Category Archives: Early modern

Donation of Georgian Books for the Wardrop Collection

Dr. Nikoloz Aleksidze, who organised the recent Oxford University colloquium Medieval Georgian Heritage in Turkey, has been instrumental in securing a significant donation of Georgian books to help extend the collection of reference materials available to scholars working with the Wardrop collection.

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The colloquium featured an impressive display of publications on the manuscripts, heritage and culture of Georgia, which had been donated by the Korneli Kekelidze National Centre of Manuscripts, the National Agency for Cultural Heritage Preservation of Georgia, Ministry of Culture and Monument Protection of Georgia and Buba Kudava of Artanuji Publishing. These donations have now come to the Bodleian, which has one of the finest collections of Kartvelain material outside of Georgia built on the nucleus of books, manuscripts and archives donated by the Wardrops.

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The Wardrop Collection was formed by Sir Oliver Wardrop, who was the United Kingdom’s first Chief Commissioner of Transcaucasus in Georgia, 1919-21 and his sister Marjory, who, after teaching herself Georgian, was the first person to make an English prose translation of the Georgian National epic, The Knight in the Panther’s Skin.  After Marjory’s early death in 1909, the Marjory Wardrop Fund was founded for the encouragement of Georgian studies and from 1910, through this fund, the Bodleian became the beneficiary of all Marjory Wardrop’s papers, books and manuscripts. They were supplemented by further donations from Sir Oliver until his death in 1948. The library has continued to build on this foundation ever since.

Over the coming months, Dr. Aleksidze will be writing a series of guest blogs which will highlight items from the collection and in the autumn he will commence a series of lectures at the Weston Library focusing on the extraordinary legacy of the Wardrops.

 

 

 

 

 

Foot-men

Statues from Villa dei Papiri in Ercolano. By Marie-Lan Nguyen (2011). Wikicommons.

Statues from Villa dei Papiri in Ercolano. By Marie-Lan Nguyen (2011). Wikicommons.

20 September 1720

“Yesterday was a great foot-race at Woodstock, for 1400 libs, between a running footman of the duke of Wharton’s, and a running footman of Mr. Diston’s, of Woodstock, round the four mile course. Mr. Diston’s man being about 35 years of age (and the duke’s about 45) got it with ease, outdistancing the duke’s near half a mile. They both ran naked, there being not the least scrap of anything to cover them, not so much as shoes and pumps, which was looked upon deservedly as the height of impudence, and the greatest affront to the ladies, of which there was a very great number.”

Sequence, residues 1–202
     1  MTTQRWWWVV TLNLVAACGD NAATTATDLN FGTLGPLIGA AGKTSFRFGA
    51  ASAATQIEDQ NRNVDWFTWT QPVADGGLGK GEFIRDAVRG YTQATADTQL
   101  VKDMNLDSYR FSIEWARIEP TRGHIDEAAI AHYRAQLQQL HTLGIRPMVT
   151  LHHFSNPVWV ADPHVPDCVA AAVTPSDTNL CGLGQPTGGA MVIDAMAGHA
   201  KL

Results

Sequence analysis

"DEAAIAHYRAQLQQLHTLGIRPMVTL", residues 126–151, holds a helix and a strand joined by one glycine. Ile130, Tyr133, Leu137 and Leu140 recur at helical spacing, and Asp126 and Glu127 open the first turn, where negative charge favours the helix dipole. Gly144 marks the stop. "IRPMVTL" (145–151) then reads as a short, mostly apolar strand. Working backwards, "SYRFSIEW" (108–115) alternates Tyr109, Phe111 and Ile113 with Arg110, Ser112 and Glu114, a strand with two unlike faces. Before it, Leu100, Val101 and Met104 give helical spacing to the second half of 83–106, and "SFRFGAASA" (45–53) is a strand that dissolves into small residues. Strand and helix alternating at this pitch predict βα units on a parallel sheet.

–A transcript from “Reliquiae Hearniane, ii. 112″ in Percy Manning’s volume of notes on sports and pastimes in Oxfordshire (Weston Library, MS. Top. Oxon. d. 202).

 

This blog post is written as part of our project to increase the accessibility of the Bodleian's Percy Manning holdings in the run up to the centenary of Manning's death in 2017. We are grateful to the Marc Fitch Fund for its generous support of this project.

Hot air ballooning

Here’s how you make a hot air balloon:

Take 23 yards of red and white persian silk, and sew them together in alternate strips.

Then mix:

Boil for about an hour over a slow fire, strain when cool, and mix with an ounce and a half of spirits of turpentine.

Use this mixture to varnish and seal the seams of the balloon.

Create gas to fill your balloon by combining 19 pounds of iron filings, 40 pounds of concentrated vitriolic [sulphuric] acid, and five times as much water in a barrel which is connected by a copper siphon to another barrel that is nearly filled with water. Connect that barrel to the balloon itself by a long metal tube.

(Avoid fire at all costs. And beware explosions.)

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Executions in Oxford

Another snippet from the Percy Manning archive, this time from his ‘Oxford Collections’ scrapbooks which contain notes, newspaper clippings and assorted ephemera on topics ranging from Academic Halls to Earthquakes to Knucklebone Floors, to Lady in the Wall to …. Well, it’s wonderfully diverse!

This one is a simple clipping from the Oxford Times of 21 July 1888, and a chilling reminder of where the saying ‘you might as well be hung for a sheep as a lamb‘ comes from. A compendium of executions carried out in Oxford between 1778-1888, it lists 44 men and their capital crimes, which range from murder to… sheep-stealing.

A list of executions in Oxford, 1778-1888, from MS. Top. Oxon. d. 180, fol. 69.